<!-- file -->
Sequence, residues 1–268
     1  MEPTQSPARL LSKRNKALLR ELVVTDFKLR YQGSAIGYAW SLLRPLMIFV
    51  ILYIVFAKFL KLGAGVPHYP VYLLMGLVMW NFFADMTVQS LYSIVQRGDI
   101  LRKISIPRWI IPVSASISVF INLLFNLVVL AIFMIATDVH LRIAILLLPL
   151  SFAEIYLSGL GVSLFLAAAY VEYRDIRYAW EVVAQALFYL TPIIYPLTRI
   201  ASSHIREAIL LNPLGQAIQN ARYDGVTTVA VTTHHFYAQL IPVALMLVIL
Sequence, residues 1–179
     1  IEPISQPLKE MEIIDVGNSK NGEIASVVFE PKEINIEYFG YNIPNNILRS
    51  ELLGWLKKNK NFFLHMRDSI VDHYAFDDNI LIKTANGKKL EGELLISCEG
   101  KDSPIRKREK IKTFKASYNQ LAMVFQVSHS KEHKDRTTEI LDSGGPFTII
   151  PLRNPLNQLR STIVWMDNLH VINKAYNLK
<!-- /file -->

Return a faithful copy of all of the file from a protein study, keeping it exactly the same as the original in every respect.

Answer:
Sequence, residues 1–268
     1  MEPTQSPARL LSKRNKALLR ELVVTDFKLR YQGSAIGYAW SLLRPLMIFV
    51  ILYIVFAKFL KLGAGVPHYP VYLLMGLVMW NFFADMTVQS LYSIVQRGDI
   101  LRKISIPRWI IPVSASISVF INLLFNLVVL AIFMIATDVH LRIAILLLPL
   151  SFAEIYLSGL GVSLFLAAAY VEYRDIRYAW EVVAQALFYL TPIIYPLTRI
   201  ASSHIREAIL LNPLGQAIQN ARYDGVTTVA VTTHHFYAQL IPVALMLVIL
Sequence, residues 1–179
     1  IEPISQPLKE MEIIDVGNSK NGEIASVVFE PKEINIEYFG YNIPNNILRS
    51  ELLGWLKKNK NFFLHMRDSI VDHYAFDDNI LIKTANGKKL EGELLISCEG
   101  KDSPIRKREK IKTFKASYNQ LAMVFQVSHS KEHKDRTTEI LDSGGPFTII
   151  PLRNPLNQLR STIVWMDNLH VINKAYNLK